UNGC update 2005 from Telenor

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					UNGC update 2005 from Telenor
Telenor is firmly committed to making a positive contribution to society, primarily
through partnerships and networking and through a responsible management of our
social obligations.

Telenor relies on building trusting relationships with customers, owners, employees and
society at large. Telenor’s ambition is to be a leading company within the field of
Corporate Social Responsibility (CSR), and in integrating a socially responsible approach
into the group’s operations and business development.

In recent years, Telenor has registered a growing interest from analysts and investors
who evaluate the group not only on the basis of profitability, but also include social,
ethical and environmental criteria.

Based on such evaluations, Telenor has achieved a strong position on the world’s two
most prestigious indexes of this kind, Dow Jones Sustainability Indexes (In 2005, Telenor
was ranked as number two among the world’s mobile operations) and FTSE- 4Good.

In 2005, Telenor prepared its first GRI report (Global Reporting Initiative). The GRI
reporting was carried out in accordance with common standards, which make it easier for
our partners to get an overview of the group’s economic, environmental and social
controls and performance.

Here is a brief presentation of the most important events in 2005:

The tsunami in South-East Asia at the beginning of 2005, and the earthquake in Pakistan
in the autumn of the year, hugely impacted several of the countries in which we have
operations, with extensive human suffering and an urgent need for quick relief. Telenor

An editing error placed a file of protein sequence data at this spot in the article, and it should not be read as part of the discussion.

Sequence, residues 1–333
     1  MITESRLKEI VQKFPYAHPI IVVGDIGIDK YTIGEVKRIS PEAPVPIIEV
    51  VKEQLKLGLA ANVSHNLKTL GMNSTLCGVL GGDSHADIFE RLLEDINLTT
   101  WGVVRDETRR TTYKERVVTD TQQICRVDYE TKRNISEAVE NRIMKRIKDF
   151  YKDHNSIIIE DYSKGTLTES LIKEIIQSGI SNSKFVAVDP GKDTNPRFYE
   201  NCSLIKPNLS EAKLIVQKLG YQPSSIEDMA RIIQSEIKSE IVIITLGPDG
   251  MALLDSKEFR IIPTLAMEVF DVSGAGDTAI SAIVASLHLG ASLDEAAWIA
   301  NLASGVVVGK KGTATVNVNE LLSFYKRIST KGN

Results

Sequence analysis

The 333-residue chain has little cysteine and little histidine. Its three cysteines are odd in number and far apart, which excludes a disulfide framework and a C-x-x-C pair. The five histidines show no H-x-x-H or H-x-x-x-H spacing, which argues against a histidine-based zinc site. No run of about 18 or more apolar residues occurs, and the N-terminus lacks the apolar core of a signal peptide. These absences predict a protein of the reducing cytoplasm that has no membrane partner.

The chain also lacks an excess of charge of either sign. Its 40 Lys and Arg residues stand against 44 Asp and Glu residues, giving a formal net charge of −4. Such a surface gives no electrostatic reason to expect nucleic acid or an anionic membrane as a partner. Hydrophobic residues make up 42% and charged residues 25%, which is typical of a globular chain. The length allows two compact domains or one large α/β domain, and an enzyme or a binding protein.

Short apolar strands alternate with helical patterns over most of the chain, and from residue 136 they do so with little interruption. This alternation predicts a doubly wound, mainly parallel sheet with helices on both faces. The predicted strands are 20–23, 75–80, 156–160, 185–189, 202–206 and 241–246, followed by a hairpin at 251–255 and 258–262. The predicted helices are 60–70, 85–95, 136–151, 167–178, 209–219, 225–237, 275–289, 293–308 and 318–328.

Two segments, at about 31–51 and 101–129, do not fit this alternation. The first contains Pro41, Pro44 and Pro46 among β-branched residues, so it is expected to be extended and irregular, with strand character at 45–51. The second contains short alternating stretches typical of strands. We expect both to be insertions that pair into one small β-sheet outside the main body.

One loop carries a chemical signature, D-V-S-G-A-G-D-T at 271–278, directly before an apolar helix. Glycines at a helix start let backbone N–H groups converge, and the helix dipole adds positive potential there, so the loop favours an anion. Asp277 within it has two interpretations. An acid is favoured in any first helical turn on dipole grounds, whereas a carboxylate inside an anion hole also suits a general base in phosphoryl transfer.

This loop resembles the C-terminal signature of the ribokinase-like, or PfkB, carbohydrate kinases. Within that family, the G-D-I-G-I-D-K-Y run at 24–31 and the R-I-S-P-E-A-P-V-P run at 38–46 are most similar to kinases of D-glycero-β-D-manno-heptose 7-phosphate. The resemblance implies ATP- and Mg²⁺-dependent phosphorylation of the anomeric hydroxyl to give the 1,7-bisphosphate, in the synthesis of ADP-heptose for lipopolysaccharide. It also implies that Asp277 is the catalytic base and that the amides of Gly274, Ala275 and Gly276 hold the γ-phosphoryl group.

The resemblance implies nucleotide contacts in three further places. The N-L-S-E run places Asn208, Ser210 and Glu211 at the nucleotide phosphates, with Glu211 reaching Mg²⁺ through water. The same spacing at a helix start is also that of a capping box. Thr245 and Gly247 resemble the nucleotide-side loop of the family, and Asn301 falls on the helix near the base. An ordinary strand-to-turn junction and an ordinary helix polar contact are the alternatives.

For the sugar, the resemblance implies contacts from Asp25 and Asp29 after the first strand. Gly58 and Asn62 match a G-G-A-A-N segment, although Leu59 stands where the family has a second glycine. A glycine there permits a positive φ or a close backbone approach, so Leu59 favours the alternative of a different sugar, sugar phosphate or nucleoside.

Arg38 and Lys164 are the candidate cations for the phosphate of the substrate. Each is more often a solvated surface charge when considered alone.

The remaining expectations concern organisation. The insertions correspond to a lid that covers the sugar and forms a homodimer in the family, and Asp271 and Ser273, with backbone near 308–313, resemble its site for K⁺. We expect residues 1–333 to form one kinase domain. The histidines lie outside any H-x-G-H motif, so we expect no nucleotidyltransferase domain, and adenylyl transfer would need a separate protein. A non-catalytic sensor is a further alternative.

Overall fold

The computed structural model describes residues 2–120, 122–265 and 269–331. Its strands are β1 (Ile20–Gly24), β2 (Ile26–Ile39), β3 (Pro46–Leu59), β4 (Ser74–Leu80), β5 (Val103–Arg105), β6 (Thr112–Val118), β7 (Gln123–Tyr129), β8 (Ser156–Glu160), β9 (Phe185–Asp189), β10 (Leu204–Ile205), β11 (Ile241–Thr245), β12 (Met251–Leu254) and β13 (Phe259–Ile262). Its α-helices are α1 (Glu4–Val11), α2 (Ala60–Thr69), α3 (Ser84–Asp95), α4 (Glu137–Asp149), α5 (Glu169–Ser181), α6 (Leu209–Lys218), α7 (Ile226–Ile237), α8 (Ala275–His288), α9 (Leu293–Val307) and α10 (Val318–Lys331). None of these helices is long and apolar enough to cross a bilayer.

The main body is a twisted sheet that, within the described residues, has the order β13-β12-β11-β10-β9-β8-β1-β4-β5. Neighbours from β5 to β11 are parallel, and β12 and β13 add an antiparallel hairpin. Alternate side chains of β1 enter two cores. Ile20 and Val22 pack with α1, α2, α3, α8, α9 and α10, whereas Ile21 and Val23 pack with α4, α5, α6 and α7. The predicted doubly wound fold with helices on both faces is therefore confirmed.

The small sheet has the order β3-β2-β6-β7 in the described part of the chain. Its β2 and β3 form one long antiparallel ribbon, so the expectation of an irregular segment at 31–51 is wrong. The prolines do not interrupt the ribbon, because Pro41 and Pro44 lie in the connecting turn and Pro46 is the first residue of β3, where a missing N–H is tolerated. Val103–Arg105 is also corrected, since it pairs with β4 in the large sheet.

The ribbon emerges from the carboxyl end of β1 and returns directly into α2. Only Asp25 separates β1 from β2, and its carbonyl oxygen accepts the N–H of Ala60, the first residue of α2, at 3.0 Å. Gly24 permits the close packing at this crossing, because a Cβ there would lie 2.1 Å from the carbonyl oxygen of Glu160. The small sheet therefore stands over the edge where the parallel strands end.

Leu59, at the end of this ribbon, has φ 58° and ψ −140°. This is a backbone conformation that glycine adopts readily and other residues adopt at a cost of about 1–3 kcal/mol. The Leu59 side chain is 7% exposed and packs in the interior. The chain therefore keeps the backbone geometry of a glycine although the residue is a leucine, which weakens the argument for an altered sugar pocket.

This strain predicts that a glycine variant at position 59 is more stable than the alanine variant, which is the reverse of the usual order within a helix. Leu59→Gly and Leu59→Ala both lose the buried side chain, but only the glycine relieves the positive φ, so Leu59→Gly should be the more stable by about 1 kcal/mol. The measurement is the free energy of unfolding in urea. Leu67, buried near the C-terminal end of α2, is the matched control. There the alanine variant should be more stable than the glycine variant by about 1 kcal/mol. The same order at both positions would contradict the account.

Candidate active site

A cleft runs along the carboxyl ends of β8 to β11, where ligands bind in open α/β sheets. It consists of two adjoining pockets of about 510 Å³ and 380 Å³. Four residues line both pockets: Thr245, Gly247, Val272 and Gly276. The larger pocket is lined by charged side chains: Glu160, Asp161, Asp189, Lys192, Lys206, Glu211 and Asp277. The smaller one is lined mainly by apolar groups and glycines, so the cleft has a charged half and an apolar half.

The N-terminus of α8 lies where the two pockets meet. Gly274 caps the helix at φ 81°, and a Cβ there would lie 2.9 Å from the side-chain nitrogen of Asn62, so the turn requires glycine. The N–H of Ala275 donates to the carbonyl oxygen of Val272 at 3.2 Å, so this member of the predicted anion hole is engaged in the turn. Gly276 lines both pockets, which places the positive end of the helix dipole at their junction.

was strongly involved in the relief efforts on both occasions, and contributed both
economically and through the direct involvement of our employees.

When the tsunami struck, and extent of the damages became known, Telenor was quick
to react. We launched a number of initiatives to support the relief efforts and to assist
those affected by the disaster. Thailand was hit hard, and became a natural focus point
for Telenor, due to our commitments in Thai mobile operator DTAC, but also due to the
fact that large numbers of Nordic holidaymakers were visiting Thailand during their
Christmas holiday. In addition to provide direct financial support to the Red Cross, we
immediately placed all our commercial television spots at the disposal of that
organisation. Telenor customers who found themselves in Thailand at the time were
offered free calls, and emergency phones were set up both in Thailand and at
Gardermoen Airport in Norway. Good communications is key to achieving efficient relief
work, and through our affiliate DTAC, we quickly established emergency phones to assist
the relief efforts.

The earthquake that struck Pakistan on 8 October 2005, and its powerful aftershocks,
killed more than 80,000 people and placed more than three million people in a very
difficult situation as houses and roads had collapsed, and food and water became scarce
throughout large areas. Telenor Pakistan witnessed the disaster at close hand, and
quickly mobilised all available resources to bring relief to the stricken areas. Initiatives
were also taken on behalf of the Telenor Group and Telenor operations in other countries.

At Telenor Pakistan, clothes, blankets, medicine and food were collected and distributed
to the stricken areas in the company’s own vehicles. Mobile coverage was extended, and